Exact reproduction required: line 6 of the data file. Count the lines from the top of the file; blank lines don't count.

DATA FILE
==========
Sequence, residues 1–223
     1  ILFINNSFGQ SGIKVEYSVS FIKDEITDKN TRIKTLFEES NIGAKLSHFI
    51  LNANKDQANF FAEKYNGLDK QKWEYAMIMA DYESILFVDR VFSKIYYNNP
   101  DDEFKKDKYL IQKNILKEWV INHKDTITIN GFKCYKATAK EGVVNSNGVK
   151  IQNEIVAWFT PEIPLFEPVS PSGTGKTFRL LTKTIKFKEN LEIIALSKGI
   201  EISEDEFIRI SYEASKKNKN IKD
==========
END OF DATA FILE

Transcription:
   201  EISEDEFIRI SYEASKKNKN IKD